Doctor Who Cuttings Archive

Hear It Now

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2016-12-08 Waitrose Weekend.jpg


The radio presenter on the Doctor Who theme tune

On Saturday 23 November 1963, at just after quarter past five, the unsuspecting British public heard apiece of music so alien, mysterious and alluring that a generation grew up in thrall to it and the new sounds of electronic music. Small children who would grow up to become Gary Numan, The Human League and Depeche Mode were mesmerized by the Doctor Who theme.

It was composed by Aussie Ron Grainer after a handful of notes popped into his head while strolling on the beach, but with all due respect, the genius behind the piece is Delia Derbyshire who took a fairly conventional composition and turned it into one of the most groundbreaking and influential pieces of music ever. Avant-garde musicians like Morton Subotnick and Alvin Lucier had made electronic music in the 1950s but Derbyshire's theme took electronic music into people's living rooms. It's hard to overstate its influence.

Delia Derbyshire was born in Coventry and was a child during the Blitz; she claimed that the eerie, terrifying noises of the bombs fired her love of sound. Joining the BBC's Radiophonic Workshop, she said that creating the famous theme was a painstaking process of splicing, editing and mixing hundreds of tape recordings of white noise and whooping oscillators. This was years before the advent of synthesizers. When Grainer heard the finished version, he asked, 'Did I write this?' 'Mostly,' replied Derbyshire, not entirely truthfully.

'She turned a conventional composition into one of the most groundbreaking and influential pieces of music ever'

Because of the patriarchal climate of the time (and the Beeb's insistence that the Workshop productions stay anonymous) it was years before Derbyshire was given proper credit for her achievement though Grainer tried to get her a co-composer credit and a share of the royalties. She left music and became a telephonist for the Gas Board in her home town. Slowly her reputation grew, especially when it was realised that she'd encouraged Paul McCartney's interest in electronica (there are rumours of a collaboration in the vaults) and made a cult album of the era as White Noise. At the time of her death in 2001 she was recording with contemporary musicians in the Midlands.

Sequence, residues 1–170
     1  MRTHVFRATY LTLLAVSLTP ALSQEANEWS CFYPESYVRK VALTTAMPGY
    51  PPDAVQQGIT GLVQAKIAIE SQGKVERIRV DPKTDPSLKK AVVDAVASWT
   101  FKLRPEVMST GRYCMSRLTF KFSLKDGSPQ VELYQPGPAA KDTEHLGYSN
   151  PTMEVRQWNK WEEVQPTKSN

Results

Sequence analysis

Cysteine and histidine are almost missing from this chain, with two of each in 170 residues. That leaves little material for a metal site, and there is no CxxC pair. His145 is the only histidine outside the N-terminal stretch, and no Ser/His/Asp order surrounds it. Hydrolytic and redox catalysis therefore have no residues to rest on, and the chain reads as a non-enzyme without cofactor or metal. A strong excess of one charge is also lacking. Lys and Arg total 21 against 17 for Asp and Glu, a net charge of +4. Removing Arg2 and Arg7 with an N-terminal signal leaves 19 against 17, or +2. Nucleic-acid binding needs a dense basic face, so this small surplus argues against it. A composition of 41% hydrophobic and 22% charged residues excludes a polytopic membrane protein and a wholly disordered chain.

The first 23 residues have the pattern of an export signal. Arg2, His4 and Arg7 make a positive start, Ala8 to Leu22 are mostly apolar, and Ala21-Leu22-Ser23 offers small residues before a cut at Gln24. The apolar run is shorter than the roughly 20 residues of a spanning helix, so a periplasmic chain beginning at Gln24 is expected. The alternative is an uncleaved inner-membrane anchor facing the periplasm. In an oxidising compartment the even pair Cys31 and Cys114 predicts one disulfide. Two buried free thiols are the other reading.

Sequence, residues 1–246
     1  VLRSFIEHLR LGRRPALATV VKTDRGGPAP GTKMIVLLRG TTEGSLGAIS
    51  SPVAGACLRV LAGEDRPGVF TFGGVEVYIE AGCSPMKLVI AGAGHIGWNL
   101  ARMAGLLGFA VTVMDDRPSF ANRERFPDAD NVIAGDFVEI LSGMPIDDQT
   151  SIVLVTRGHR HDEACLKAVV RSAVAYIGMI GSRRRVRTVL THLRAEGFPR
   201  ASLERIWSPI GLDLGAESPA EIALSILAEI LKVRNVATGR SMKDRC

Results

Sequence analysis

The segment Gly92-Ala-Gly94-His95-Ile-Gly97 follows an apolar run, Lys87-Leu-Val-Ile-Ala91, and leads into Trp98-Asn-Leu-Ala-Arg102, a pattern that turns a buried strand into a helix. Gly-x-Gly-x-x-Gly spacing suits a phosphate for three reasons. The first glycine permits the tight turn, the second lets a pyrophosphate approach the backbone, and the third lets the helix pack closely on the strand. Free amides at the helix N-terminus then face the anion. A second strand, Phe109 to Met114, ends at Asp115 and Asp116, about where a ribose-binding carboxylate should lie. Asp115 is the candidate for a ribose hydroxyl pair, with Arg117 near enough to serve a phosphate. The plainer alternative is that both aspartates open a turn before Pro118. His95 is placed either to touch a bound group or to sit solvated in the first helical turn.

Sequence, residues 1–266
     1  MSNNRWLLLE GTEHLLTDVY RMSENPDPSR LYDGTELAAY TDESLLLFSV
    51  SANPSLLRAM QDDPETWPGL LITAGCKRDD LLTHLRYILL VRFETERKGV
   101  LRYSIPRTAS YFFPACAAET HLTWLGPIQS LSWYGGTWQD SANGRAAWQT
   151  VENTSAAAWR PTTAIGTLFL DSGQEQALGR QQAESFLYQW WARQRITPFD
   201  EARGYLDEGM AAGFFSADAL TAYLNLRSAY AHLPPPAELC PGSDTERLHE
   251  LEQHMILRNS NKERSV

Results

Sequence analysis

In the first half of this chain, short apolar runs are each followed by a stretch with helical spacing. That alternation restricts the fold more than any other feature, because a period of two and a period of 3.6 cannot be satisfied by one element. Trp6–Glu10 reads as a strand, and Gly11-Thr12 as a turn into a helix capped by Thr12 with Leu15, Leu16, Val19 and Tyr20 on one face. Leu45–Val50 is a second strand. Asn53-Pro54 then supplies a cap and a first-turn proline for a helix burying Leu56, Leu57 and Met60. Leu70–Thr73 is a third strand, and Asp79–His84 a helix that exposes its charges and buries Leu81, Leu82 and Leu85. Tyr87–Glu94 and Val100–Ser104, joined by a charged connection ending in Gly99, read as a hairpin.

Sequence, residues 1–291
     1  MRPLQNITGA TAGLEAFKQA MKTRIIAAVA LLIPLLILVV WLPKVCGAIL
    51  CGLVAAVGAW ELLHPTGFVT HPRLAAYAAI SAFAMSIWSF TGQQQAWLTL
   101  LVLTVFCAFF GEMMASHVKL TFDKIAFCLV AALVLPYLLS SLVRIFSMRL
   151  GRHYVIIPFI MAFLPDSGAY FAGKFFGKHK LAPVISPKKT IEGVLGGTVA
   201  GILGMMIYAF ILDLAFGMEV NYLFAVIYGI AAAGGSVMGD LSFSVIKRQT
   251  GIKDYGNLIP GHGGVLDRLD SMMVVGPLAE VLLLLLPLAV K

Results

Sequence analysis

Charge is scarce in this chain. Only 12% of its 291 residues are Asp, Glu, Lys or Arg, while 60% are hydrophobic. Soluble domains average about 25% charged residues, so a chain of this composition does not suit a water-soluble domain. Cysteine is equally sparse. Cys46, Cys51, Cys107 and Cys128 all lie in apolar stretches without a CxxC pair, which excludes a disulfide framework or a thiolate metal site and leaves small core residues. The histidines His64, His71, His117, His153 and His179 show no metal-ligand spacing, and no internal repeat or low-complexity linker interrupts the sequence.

I went to her old house in Coventry to make a TV documentary about her a few years back. Unaware of the previous occupant, a young couple had moved in and discovered reels of tape of unheard music shoved into empty cereal packets in the loft. Now, 15 years after her death, Delia is to have a street named after her. 'They were going to call it Derbyshire Road,' said Pete Chambers of the Coventry Music Museum who spearheaded the campaign to commemorate her. 'But I suggested "Way" instead, to give it a double meaning, as Delia was a genius and strong personality and really did do things in her own way.'

The millions of children (and adults) who loved her music while cowering behind the sofa would surely agree.

Caption: WHO'S THAT GIRL? Delia Derbyshire created the theme in the 60s

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  • APA 6th ed.: Maconie, Stuart (2016-12-08). Hear It Now. Waitrose Weekend p. 44.
  • MLA 7th ed.: Maconie, Stuart. "Hear It Now." Waitrose Weekend [add city] 2016-12-08, 44. Print.
  • Chicago 15th ed.: Maconie, Stuart. "Hear It Now." Waitrose Weekend, edition, sec., 2016-12-08
  • Turabian: Maconie, Stuart. "Hear It Now." Waitrose Weekend, 2016-12-08, section, 44 edition.
  • Wikipedia (this article): <ref>{{cite news| title=Hear It Now | url= | work=Waitrose Weekend | pages=44 | date=2016-12-08 | via=Doctor Who Cuttings Archive | accessdate=28 November 2023 }}</ref>
  • Wikipedia (this page): <ref>{{cite web | title=Hear It Now | url= | work=Doctor Who Cuttings Archive | accessdate=28 November 2023}}</ref>